Tell the truth.

Outlaws

Tom Robbins taught me to love outlaws. If you haven’t read Still Life With Woodpecker you should now. It might be painfully dated, since I last read it in the 80’s, but there’s only one way to find out. Outlaws are very American.

A year or two ago while I was hopped up on post-surgical pain killers I read American Heiress by Jeffrey Toobin, “The Wild Saga of the Kidnapping, Crimes and Trial of Patty Hearst.” I remember seeing the grainy, iconic bank security-footage photo of her with the giant gun that shocked everybody, including my mother, on tv. Patty’s kidnappers were outlaws and temporarily turned her into one too. The early 1970’s were nuts! Counterculture outlaws were routinely making bombs in their bathrooms and detonating them in places that would either disable or at least disturb The Man. Even though Patty’s experience with the Symbionese Liberation Army was a lot darker than a Tom Robbins novel, some of the 70’s-ish motives were the same.

This morning I figured out Donald’s appeal and the reason for our confusion. He’s just another outlaw! He’s all about sticking it to The Man, no matter who the man is. (That’s where his amorality comes in handy.) Some of his supporters are like Patty joining the Symbionese Liberation Army. She wasn’t exactly happy before they kidnapped her, and definitely not in control of her own life. She didn’t know exactly what the problem was but they told her. They told her over and over and over what reality was (well, with some rape and starvation and LSD) until she was convinced it was in her best interest to be a soldier for their cause.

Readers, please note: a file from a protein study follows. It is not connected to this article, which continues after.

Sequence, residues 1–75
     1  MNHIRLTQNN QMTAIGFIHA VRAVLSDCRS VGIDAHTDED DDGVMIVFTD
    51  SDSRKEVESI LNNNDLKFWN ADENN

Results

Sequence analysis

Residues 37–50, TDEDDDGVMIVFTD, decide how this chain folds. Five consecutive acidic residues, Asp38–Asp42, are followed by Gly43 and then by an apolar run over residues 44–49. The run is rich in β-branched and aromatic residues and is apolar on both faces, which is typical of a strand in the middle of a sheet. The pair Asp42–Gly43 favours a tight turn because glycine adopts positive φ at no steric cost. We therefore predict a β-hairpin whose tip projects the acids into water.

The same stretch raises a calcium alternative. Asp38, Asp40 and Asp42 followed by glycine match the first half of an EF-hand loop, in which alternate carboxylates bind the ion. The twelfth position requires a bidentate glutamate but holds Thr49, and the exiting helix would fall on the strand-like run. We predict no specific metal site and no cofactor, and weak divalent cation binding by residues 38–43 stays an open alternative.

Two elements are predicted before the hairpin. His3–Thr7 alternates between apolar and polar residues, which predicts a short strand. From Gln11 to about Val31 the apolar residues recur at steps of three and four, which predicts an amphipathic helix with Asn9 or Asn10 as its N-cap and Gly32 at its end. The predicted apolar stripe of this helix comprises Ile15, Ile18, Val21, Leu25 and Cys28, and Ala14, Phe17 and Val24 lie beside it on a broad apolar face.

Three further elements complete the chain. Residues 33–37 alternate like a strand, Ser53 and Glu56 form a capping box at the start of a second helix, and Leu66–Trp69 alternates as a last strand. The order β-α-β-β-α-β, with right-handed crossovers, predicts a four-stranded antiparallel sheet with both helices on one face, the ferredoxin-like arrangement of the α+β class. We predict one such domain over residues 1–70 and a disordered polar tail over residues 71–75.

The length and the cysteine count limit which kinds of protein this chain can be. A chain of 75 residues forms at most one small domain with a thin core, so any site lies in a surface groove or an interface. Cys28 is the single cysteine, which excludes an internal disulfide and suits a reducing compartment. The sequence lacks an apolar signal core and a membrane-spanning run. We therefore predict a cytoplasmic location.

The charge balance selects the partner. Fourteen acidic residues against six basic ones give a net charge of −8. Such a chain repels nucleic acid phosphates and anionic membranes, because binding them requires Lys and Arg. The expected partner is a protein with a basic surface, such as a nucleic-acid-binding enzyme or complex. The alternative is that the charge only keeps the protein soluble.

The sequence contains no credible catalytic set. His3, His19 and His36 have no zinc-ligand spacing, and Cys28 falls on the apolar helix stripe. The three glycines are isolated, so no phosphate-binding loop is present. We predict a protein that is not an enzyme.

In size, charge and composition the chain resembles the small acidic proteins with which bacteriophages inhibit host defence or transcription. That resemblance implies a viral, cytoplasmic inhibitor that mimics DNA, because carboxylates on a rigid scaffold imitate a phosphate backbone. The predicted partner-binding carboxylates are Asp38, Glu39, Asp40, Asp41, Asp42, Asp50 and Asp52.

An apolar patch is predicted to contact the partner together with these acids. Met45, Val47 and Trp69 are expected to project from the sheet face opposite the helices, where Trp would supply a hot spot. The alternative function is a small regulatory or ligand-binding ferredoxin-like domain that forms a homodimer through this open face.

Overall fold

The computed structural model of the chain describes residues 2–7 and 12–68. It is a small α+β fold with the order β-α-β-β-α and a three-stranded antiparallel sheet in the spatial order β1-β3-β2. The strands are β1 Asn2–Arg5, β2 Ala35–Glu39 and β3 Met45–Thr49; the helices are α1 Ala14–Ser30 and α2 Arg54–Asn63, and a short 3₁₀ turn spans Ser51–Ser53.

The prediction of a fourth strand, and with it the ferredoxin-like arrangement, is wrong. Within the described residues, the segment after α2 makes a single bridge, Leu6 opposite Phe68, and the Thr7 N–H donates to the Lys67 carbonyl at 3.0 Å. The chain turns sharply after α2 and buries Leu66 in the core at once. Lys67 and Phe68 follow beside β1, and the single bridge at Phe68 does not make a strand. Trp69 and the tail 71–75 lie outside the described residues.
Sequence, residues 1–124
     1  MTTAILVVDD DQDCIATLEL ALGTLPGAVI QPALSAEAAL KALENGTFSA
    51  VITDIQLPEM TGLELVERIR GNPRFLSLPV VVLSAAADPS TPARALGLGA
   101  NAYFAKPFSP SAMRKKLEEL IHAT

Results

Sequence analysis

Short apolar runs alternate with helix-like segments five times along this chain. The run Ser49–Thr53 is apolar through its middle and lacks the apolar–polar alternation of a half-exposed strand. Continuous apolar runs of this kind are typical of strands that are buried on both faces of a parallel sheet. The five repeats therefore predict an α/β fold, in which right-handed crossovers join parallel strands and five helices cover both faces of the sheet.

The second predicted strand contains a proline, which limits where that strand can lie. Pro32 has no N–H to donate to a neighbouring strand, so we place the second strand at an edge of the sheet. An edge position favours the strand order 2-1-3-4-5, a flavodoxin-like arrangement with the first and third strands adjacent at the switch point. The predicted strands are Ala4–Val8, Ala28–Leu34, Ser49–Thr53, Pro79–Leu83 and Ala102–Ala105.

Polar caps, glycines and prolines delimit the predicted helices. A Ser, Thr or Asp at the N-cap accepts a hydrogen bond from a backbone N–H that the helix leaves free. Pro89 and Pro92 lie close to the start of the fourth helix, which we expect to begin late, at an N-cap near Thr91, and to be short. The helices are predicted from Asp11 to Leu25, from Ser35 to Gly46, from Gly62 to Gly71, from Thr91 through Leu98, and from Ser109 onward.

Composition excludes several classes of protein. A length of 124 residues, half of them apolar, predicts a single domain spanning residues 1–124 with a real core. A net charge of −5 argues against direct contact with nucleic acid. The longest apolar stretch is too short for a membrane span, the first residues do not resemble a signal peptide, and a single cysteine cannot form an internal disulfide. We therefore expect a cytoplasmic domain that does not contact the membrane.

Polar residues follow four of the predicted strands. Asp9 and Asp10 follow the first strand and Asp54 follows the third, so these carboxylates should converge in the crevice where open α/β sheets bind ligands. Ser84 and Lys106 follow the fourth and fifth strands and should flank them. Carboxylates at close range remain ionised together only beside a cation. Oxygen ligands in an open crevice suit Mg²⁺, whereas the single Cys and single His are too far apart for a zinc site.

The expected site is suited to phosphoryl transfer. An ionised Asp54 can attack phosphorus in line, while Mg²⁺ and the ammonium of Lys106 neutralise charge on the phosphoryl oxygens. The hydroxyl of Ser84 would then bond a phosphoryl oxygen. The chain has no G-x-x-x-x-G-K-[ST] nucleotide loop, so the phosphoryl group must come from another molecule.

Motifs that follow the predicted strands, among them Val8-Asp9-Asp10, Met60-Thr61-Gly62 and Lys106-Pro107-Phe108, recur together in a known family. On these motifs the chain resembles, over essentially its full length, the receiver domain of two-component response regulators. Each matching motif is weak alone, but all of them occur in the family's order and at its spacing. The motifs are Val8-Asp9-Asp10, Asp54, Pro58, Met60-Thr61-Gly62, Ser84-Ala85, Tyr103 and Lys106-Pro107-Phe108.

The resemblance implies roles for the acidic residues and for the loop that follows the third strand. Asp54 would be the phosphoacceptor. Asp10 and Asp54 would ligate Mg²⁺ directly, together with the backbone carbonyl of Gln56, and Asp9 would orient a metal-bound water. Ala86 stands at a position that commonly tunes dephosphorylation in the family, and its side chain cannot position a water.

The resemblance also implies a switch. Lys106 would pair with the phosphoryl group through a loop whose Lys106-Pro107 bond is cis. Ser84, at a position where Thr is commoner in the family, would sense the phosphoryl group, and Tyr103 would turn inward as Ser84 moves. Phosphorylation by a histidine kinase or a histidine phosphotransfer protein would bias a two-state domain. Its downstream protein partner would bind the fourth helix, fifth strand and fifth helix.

So we’ve got an outlaw (Donald, in case you aren’t paying attention), who by definition does not operate within normal boundaries, and he’s hell-bent on destroying the way things normally work around here. The confusing thing is that we, the lefties who used to be the counterculture, are now The Man, deserving of all the homemade bombs (ummm, NRA, guns and more guns, domestic terrorism etc.) he can get his soldiers to stockpile and detonate.

I’m at a loss for advice on this so you’ll have to just digest the insight raw.

What To Read: Slavery in the Clover Bottoms by John McCline

The Hoggatt plantation at Clover Bottom, in Nashville, Tennessee was home to one of my slave-owning cousins, Anthony Clopton and his family, and to John McCline. John McCline was born there as part of the enslaved workforce. You should read his book even if he never met your long-ago cousin.

This memoir covers John’s earliest memories of life at Clover Bottoms and his years as a young teenager in the Union army. I’ve never read anything like it before.